Danville officials began its budget and capital improvement project (CIP) review process Tuesday morning, showing that the town continues to gradually recover from the economic recession.
"The 2013/2014 budget is a balanced budget and maintains service levels at current levels. Which as time goes by and additional demands are generated, becomes increasingly more challenging with each passing year," said Town Manager Joe Calabrigo.
The 2013-14 budget, which runs from July 1, 2013 through June 20, 2014, maintains "appropriate reserves" but forecasts slow revenue growth over the next ten years. Service delivery costs are expected to increase and increased workload and service demands will result in longer delivery and response times, the draft budget summary stated.
Expenditures are projected to decrease 2.8 percent to $28.5 million, though police and community development/IT expenditures are projected to increase by 2.6 percent and 14.1 percent, respectively. The latter in crease is largely due to implementation of the IT master plan and completion of the town's retail incentives program, Community Development Director Tai Williams said.
"The retail incentives program and everything we do…resulted in a tremendous amount of goodwill in the business community," Williams noted.
Calabrigo continued that the loss of Danville's redevelopment agency (RDA) last February was a "very serious economic hit." The RDA would have brought $25 million in future funding for Danville capital projects as well as approximately $8 million still owed to the town.
To partially cover this loss and continue with CIPs, Calabrigo suggested transferring $794,591 from the general fund to subsidize the town's pavement management project. Combined with funds from Measure J, the transfer would allow Danville to fund the program by $1 million over the previous fiscal year.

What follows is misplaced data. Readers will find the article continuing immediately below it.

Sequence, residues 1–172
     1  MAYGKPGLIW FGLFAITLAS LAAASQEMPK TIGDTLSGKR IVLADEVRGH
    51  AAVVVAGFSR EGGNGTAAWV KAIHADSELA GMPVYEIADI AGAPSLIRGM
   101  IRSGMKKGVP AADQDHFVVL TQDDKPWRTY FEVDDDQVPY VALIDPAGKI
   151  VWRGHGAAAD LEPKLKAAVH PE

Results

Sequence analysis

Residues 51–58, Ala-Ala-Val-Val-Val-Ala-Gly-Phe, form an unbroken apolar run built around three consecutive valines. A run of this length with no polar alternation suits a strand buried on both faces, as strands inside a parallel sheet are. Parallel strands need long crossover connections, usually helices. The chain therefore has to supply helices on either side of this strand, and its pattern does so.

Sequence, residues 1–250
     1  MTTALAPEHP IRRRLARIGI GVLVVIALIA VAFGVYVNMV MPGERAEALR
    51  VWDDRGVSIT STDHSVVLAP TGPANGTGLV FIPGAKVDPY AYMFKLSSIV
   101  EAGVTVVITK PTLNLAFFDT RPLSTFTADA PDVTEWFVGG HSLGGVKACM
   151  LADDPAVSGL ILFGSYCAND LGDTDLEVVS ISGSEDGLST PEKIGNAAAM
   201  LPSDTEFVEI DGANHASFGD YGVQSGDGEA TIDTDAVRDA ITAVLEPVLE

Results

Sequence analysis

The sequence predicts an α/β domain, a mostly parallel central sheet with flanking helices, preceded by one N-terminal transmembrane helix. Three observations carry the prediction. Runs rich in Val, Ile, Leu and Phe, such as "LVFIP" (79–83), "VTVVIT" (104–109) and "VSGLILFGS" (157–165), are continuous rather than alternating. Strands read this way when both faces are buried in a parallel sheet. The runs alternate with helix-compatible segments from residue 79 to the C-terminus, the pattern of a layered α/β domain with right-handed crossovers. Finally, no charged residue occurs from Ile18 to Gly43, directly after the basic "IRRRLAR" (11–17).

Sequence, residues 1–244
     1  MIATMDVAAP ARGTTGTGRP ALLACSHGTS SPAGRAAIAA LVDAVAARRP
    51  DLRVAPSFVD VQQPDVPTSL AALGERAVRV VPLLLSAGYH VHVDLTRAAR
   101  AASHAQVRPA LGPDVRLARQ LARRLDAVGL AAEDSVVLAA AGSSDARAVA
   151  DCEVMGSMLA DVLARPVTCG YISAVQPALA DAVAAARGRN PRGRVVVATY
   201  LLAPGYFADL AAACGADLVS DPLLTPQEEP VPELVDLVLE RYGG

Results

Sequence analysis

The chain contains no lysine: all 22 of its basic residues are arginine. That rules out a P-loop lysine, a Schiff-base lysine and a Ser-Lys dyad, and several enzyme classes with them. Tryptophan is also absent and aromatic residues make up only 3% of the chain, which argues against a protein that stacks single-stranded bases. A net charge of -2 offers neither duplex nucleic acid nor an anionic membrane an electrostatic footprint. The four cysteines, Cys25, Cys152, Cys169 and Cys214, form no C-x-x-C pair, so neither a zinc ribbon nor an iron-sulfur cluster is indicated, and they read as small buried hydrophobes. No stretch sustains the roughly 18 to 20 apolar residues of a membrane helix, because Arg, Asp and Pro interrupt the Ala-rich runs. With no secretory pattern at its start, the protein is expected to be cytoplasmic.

A total of 38 CIPs are recommend for the 2013/14 budget,though Calabrigo did not go into detail about each during Tuesday's study session. The projects call for appropriations of $5.38 million, a decrease of $743,599. Additionally, a backlog of appropriations for to-be-completed projects, totaling $11.04 million, is being chipped away at.
"We're getting caught up and making a good bit of progress," Mayor Newell Arnerich said of the funds, which at one point reached $14.8 million.
Total operating revenues for the town are down 0.6 percent to approximately $30.7 million while general purpose revenues will increase 1.9 percent. Property taxes are expected to increase over the 2012/13 fiscal year with 1.9 percent gains to $11.3 million while sales tax revenues are projected to total $3.78 million a 4.5 percent increase that would exceed the high point of revenue realized in 2011/12.
Charges for service within the Parks and Recreation department are also expected to increase 8.3 percent to $1.78 million. Administrative expenses in the Economic Development Department are going to increase by approximately $25 thousand to help fund Danville's portion of the iGATE program.
The town does not expect to make major cuts to service and instead made note of its lack of pensions and contract policy for many services as sustainable. Although revenues are projected to increase by 8.9 percent by the 2022/23 fiscal year to $33.42 million, Calabrigo noted that Danville will be more dependent on capital reserves.
"Maintaining long-term fiscal sustainability is going to be something we need to look at and work at," he said.
Residents will have several opportunities to read and comment on the budget and CIP plan. Public study sessions are scheduled for May 14 and May 21 at 8:30 a.m. at the town offices (510 La Gonda Way) and and public hearing to consider adoption is scheduled for June 4 at 7:30 p.m.